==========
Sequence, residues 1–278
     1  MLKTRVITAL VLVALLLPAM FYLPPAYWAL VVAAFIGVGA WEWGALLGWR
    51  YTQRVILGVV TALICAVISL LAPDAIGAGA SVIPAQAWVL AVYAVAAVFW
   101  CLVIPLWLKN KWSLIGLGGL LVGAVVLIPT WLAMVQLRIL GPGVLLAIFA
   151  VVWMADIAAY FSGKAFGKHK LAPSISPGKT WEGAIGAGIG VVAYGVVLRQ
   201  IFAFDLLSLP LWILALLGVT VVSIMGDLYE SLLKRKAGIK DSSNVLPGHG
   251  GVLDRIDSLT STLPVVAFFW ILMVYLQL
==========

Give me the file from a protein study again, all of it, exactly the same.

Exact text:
Sequence, residues 1–278
     1  MLKTRVITAL VLVALLLPAM FYLPPAYWAL VVAAFIGVGA WEWGALLGWR
    51  YTQRVILGVV TALICAVISL LAPDAIGAGA SVIPAQAWVL AVYAVAAVFW
   101  CLVIPLWLKN KWSLIGLGGL LVGAVVLIPT WLAMVQLRIL GPGVLLAIFA
   151  VVWMADIAAY FSGKAFGKHK LAPSISPGKT WEGAIGAGIG VVAYGVVLRQ
   201  IFAFDLLSLP LWILALLGVT VVSIMGDLYE SLLKRKAGIK DSSNVLPGHG
   251  GVLDRIDSLT STLPVVAFFW ILMVYLQL